By Neil Ohlenkamp

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The mat is a place to create opportunities and see possibilities, facing and overcoming one's limitations. Randori (free practice) is the primary method of learning the many lessons of Judo. After teaching Judo for over 30 years I have found that I am saying some of the same things to each generation of students. These are the same key principles that my teachers have told me as they observed my practice. They are the sort of things that most students need to be reminded of. They are easier said than done, but here is a list of the most common advice I give to students to help them with their Judo randori. Of course there are exceptions to every rule and these principles don't apply to every situation.

  • There is no winner or loser in randori, so focus on attacking freely without regard for being thrown.
  • Relax and retain free movement of your body and mind. Keep your arms loose.
  • Hold on lightly, but don't let go.
  • Follow through with each technique. Don't get in the habit of going in half way.
  • Follow-up each technique with another.
  • Never refuse a practice partner. Seek out those partners who are better than you.
  • Try new tricks.
  • Keep the balls of your feet on the mat.
  • Kiai for extra power.
  • Keep control of your breathing.
  • Keep your elbows close to your body where they are more powerful.
  • Always face your opponent, never turn your back.
  • Don't cross your feet.
  • Get the strongest grip you can, but get a grip.
  • Learn to feel your partner's intentions and anticipate attacks.
  • Keep your head up and centered over your hips.
  • Focus on kuzushi, breaking balance, to create opportunities for attacks.
  • When attacking get low, turn your head in the direction you are throwing, and rotate the body.
  • Keep in mind the principle of mutual welfare and benefit. Help your partner to learn while perfecting your technique.
  • Act now; think and analyze later.
  • Learn to control your body, your emotions and your mind. Then learn to do the same to your opponent.
  • Don't cry, don't make excuses, don't give up. Tomorrow you will be better.

Three methods of practicing with other judoka (from Contest Judo by Saburo Matsushita and Warwick Stepto, 1961).

  1. Practice with inferiors: "You should be trying to throw new throws and develop your secondary techniques when you practice with lower grades." "You can try new combination techniques or opposite-side throws…" Never practice your tokui-waza with a beginner, for you will "blunt it and spoil it".
  2. Practice with equals: "The first tendency is for the practice to develop into contest. You should try to prevent this in your Randori practice. You must not adopt a defensive posture which might be justified in contest; instead attack with your best throws, as strongly and as quickly as possible." The main point here is to "play constructive judo, and not risk injury to save a point at all costs. Really, you have nothing to lose and should try to move more lightly and faster than you would in contest, in order to increase the speed and strength or your attack."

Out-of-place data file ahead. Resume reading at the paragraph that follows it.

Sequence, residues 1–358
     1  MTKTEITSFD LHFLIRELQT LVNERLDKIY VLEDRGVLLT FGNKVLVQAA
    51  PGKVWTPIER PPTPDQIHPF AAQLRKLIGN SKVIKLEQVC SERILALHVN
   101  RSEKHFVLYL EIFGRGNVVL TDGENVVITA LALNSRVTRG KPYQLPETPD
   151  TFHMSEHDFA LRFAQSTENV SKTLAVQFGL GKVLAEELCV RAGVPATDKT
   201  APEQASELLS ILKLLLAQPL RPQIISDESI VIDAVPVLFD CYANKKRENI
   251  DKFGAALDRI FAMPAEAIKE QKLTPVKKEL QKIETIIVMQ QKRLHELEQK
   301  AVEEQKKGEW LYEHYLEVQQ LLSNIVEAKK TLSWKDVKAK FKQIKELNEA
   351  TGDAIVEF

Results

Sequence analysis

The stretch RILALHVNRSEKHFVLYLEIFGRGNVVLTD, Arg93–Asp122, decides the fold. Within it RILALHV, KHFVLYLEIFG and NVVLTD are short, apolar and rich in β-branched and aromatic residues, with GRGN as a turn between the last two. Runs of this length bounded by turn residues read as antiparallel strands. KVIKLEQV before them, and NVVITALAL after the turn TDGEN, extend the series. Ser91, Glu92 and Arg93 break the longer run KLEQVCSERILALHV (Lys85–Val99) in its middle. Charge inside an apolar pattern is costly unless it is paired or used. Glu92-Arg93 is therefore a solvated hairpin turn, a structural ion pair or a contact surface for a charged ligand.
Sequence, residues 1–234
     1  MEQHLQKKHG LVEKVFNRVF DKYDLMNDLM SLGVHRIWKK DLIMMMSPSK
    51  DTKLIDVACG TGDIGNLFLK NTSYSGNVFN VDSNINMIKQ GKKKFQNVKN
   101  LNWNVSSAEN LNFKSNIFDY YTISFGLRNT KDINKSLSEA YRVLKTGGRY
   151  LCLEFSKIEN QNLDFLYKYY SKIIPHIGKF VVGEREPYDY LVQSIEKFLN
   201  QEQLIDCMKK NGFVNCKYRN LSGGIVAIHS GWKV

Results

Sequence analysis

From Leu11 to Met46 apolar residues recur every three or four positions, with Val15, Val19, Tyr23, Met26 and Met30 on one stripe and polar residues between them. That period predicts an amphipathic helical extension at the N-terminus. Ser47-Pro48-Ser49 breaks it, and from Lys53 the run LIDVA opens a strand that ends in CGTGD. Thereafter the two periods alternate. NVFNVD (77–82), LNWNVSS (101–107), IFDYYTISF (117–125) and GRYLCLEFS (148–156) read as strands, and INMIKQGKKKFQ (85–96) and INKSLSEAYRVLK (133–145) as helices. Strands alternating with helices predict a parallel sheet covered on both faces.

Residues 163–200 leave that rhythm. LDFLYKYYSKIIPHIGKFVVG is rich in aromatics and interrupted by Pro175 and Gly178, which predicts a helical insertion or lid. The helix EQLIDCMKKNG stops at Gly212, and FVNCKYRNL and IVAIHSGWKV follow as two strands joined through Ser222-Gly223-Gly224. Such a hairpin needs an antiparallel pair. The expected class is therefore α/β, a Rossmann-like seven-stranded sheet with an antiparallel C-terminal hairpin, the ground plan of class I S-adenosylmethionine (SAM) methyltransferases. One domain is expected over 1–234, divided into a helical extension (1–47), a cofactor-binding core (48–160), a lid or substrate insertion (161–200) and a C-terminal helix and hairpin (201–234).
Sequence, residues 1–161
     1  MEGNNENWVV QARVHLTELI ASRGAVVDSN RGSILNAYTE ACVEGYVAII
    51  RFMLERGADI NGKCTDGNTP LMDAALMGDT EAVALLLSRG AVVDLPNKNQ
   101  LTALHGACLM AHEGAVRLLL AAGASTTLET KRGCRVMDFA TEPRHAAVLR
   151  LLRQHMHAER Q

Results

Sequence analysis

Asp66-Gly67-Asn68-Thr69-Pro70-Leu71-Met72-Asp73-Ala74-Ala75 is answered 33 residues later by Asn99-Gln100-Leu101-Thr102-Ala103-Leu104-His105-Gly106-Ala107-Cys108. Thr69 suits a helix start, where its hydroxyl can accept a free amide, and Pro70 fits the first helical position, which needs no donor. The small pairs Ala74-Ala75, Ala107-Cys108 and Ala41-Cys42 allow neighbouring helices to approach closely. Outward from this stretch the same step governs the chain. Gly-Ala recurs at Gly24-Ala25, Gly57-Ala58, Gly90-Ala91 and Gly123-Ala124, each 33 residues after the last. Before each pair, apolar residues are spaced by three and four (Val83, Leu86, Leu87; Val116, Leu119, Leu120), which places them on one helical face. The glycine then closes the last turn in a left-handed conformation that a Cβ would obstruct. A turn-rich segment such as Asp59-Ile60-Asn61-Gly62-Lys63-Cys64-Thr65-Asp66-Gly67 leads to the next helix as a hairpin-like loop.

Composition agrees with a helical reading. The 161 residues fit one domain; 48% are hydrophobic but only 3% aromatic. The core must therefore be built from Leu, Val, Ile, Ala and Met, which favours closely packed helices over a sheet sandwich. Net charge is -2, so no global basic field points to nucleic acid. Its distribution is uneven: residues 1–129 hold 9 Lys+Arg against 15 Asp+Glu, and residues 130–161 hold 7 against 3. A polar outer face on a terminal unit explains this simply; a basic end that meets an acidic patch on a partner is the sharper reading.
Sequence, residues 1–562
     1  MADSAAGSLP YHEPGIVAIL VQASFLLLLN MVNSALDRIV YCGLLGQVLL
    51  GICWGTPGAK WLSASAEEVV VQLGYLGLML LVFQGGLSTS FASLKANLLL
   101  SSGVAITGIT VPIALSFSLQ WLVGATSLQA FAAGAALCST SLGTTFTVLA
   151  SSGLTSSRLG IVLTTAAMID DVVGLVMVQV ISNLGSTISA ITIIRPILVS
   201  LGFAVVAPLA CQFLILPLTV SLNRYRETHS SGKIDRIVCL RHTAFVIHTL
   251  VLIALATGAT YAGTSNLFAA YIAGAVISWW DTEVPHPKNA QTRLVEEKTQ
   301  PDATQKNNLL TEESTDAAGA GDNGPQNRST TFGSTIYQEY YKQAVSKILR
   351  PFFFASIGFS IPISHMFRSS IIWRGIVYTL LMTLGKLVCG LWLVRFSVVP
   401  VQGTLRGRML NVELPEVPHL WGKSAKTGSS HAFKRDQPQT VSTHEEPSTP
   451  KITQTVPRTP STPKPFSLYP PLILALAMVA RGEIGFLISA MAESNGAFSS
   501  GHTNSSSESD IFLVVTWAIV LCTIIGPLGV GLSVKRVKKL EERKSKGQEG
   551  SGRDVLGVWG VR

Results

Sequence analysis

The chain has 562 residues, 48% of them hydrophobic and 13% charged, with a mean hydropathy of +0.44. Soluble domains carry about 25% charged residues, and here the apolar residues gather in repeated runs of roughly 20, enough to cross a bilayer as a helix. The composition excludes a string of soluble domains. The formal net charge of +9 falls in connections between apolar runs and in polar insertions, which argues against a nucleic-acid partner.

3. Practice with superiors: "In general, you should attack all the time. It is wasting everybody's time to take up a contest attitude against a much higher grade. Attack with all your heart and soul many, many times, and do not wait for a higher grade to attack. A much more skilled man, is not interested in throwing you many times, he wants you to attack, and afterwards he can give you advice on how to improve your methods… Normally, you wait for the higher grade to decide when to end the practice."
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"I should explain here that the underlying purpose of Judo is to enable a physically weaker person to defend himself against a physically stronger opponent, alike in mimic combat on the mats of the Dojo or exercise hall and in a genuine struggle for survival outside it. Other things equal it is simply axiomatic to say that the stronger man must eventually win, but seeing that not infrequently the relatively poorer physique of one man is largely offset by his superior intelligence, skill, and agility, he may conceivably prove the victor in contest with his physically more powerful antagonist. And admitting that there are always numerous gradations of sheer bodily strength among the pupils of any Dojo, the cumulative effect of assiduous study and practice of Judo is bound in the end to convert even a veritable tyro weakling into a physically vigorous and technically skilled Judoka." –E.J. Harrison, Manual of Judo

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